question must be answered concretely if a company is going to be able to
measure any level of success. The most basic element of the defining of
success must be contained in values. These values must be fixed.
One clear example of fixed values is in the car industry. Volvo set out
three values for their company in 1927. More than 70 years ago,
management made the simple observation that "cars are driven by people."
Because of this, Volvo's founders selected quality as the top value of
the company. Volvo's management could not envision long-term success that
did not revolve around keeping people or families safe. This has affected
the design of their cars, their marketing, their budgeting, etc.-all the
way through to the current day. As a result, Volvo has established a
reputation and history of being a leader in safety design and
implementation. Another high-end car manufacturer, Porsche, also adheres
to a set of values. Their values include tradition, innovation, and
emotion. Anyone who sees, rides in, or drives a Porsche vehicle can feel
these values in motion.
Both Volvo and Porsche with more than 70 years of history have seen
remarkable changes in time, taste, culture, economics, technology, etc.
In spite of time's relentless march, their respective commitments to who
they were did not change. Their values were absolute and unchanging.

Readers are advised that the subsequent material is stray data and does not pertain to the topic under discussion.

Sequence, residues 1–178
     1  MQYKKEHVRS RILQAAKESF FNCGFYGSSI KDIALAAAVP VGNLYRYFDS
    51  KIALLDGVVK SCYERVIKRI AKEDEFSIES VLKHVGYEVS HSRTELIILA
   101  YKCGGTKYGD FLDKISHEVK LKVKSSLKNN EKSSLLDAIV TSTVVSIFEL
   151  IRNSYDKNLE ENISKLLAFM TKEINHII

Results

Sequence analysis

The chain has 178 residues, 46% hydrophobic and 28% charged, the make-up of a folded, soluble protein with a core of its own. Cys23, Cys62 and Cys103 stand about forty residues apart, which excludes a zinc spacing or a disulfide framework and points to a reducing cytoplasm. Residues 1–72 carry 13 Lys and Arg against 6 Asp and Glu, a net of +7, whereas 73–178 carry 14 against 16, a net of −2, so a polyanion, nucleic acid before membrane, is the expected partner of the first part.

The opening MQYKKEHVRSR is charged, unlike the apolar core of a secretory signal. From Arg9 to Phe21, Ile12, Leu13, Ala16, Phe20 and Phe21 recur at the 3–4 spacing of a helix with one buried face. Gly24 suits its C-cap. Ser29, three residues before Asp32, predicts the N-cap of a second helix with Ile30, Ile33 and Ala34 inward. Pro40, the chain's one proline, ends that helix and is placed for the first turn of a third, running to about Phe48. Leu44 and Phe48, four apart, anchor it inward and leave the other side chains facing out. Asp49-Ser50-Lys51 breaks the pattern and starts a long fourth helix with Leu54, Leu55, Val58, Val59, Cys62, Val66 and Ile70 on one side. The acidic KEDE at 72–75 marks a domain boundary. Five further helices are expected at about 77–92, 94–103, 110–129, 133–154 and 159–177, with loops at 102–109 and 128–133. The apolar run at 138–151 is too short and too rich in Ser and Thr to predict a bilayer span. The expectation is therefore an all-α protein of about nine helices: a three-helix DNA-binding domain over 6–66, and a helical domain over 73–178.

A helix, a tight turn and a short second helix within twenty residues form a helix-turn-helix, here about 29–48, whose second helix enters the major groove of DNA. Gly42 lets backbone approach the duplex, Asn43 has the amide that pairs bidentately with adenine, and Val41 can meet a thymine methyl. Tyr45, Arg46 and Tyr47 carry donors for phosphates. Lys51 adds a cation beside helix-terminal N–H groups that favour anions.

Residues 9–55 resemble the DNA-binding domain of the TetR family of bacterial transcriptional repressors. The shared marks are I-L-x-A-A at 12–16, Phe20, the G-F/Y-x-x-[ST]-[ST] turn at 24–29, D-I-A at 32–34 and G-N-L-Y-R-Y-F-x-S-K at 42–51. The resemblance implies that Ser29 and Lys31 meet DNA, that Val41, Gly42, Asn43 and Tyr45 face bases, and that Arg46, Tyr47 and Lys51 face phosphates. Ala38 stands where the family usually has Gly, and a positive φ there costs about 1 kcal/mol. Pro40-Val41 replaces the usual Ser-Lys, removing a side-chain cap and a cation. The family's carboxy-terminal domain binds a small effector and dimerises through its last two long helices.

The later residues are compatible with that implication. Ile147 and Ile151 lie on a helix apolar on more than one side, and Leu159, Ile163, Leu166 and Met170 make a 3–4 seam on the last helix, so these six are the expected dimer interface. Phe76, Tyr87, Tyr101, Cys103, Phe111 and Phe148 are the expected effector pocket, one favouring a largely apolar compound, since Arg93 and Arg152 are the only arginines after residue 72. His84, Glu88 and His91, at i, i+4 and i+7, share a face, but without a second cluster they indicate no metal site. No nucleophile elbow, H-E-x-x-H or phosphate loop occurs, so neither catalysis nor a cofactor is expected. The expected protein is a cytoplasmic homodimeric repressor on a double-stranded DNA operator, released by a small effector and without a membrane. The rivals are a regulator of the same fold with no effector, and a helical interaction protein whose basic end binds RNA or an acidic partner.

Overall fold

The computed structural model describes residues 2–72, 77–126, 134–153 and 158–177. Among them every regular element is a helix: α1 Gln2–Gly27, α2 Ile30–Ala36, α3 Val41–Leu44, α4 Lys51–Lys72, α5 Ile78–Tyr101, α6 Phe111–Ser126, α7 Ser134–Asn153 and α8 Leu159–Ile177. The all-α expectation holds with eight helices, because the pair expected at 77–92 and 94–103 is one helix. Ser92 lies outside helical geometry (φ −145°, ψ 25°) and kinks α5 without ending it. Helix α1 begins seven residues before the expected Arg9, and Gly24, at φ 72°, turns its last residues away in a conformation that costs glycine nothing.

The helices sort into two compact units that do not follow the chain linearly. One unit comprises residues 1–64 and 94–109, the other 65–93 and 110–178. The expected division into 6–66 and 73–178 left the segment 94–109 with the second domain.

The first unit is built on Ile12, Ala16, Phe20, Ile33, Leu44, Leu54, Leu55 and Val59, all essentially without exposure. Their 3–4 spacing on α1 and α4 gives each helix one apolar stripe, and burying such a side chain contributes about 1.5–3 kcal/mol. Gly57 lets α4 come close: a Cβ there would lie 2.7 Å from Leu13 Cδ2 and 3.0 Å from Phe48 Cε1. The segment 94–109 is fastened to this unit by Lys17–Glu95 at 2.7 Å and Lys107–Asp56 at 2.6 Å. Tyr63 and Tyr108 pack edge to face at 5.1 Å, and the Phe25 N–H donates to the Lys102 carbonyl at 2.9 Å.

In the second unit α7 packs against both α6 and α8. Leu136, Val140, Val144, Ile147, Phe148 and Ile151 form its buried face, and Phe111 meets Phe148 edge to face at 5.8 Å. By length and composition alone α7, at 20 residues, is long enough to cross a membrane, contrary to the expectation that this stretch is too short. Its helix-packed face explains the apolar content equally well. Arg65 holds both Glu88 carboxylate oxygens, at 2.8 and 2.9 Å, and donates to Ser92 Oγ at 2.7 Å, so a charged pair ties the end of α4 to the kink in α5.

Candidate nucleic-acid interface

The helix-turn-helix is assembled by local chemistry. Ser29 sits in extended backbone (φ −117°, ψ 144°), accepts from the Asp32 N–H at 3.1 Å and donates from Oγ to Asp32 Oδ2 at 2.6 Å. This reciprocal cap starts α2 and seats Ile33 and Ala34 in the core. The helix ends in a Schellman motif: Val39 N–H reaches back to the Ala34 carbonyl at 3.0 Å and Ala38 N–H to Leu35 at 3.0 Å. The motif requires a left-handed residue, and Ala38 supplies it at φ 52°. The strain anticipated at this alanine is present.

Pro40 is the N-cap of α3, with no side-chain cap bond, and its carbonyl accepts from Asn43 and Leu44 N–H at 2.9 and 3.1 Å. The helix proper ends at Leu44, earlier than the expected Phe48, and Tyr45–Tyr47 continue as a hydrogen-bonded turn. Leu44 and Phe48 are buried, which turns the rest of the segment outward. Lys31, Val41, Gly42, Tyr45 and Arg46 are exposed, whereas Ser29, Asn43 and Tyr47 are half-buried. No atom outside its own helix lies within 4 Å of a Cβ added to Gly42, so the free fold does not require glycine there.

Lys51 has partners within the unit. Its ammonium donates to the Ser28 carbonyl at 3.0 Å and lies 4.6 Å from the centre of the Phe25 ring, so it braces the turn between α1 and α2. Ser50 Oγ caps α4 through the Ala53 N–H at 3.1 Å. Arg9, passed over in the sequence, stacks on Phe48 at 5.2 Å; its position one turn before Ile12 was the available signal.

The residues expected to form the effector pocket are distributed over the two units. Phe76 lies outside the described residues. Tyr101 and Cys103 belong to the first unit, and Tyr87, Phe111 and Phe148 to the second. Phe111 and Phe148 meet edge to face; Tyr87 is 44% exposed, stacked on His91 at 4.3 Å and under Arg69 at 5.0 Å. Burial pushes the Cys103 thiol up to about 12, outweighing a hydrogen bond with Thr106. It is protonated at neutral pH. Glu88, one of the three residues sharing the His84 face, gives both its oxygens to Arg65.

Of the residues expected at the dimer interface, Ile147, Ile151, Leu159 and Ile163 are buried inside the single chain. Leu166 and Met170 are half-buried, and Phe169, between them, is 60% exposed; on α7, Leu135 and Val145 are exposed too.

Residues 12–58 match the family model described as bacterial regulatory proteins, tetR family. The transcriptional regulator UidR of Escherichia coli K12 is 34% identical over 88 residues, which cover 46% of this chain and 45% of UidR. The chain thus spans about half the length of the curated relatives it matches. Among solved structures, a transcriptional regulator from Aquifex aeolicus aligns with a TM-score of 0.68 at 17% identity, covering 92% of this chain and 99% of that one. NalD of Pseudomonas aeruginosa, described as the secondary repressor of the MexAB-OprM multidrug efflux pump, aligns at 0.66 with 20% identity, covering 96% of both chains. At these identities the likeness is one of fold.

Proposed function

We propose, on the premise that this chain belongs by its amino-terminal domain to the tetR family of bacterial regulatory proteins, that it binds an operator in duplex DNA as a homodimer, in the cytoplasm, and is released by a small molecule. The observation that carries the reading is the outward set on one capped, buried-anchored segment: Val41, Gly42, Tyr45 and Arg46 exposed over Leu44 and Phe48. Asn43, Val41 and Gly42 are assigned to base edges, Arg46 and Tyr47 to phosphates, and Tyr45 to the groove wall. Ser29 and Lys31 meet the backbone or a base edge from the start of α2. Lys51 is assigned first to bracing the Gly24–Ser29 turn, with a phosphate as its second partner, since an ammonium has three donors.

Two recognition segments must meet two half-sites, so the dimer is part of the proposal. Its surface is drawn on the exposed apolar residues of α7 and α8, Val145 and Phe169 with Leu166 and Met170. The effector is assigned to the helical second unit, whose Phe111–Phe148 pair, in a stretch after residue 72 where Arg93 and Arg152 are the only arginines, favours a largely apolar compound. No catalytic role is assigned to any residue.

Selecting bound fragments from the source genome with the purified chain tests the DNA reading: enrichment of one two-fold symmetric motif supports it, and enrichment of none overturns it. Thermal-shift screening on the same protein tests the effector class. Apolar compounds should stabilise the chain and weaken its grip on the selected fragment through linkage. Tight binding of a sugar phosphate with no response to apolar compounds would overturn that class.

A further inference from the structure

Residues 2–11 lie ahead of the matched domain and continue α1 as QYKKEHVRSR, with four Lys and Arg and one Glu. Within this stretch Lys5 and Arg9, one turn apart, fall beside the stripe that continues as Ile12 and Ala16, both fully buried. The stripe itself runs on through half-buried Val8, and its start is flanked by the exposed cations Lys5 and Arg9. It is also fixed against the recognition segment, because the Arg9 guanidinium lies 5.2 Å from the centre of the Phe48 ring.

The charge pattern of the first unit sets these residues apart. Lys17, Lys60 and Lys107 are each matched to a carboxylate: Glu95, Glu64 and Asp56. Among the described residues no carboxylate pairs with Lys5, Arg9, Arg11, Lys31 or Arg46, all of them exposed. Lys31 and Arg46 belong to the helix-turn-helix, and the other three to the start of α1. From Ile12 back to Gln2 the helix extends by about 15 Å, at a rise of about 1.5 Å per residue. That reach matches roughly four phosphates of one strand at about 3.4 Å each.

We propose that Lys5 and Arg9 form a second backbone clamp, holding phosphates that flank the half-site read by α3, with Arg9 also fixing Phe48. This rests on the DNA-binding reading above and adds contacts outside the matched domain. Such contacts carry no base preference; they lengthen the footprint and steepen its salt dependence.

On various levels, there are opportunities to compare and contrast these
two companies. In the 1980's, Volvo was introducing antilock braking
systems (ABS). Meanwhile, Porsche was introducing a new transmission
system that could function either manually or automatically. It is
important to note that Volvo would not have designed ABS without
innovation, but innovation is not a stated value for Volvo-though it is
for Porsche. Instead, for Volvo, innovation is assumed as necessary to
further their commitment to safety by building incrementally safer
vehicles.
Porsche, on the other hand did not set out to design an unsafe vehicle at
any point just because they did not make safety one of their values. They
did and do, however, place more emphasis on speed, transmissions,
cornering, design style, etc. This fits with their values of their
tradition, innovation, and emotion. Evaluating what they desired to
deliver to their customers, setting out values that would give clear
guidance in delivering their vision, and continually executing based on
these values have brought both companies brand recognition and loyalty,
quality staff, tangible profits, etc.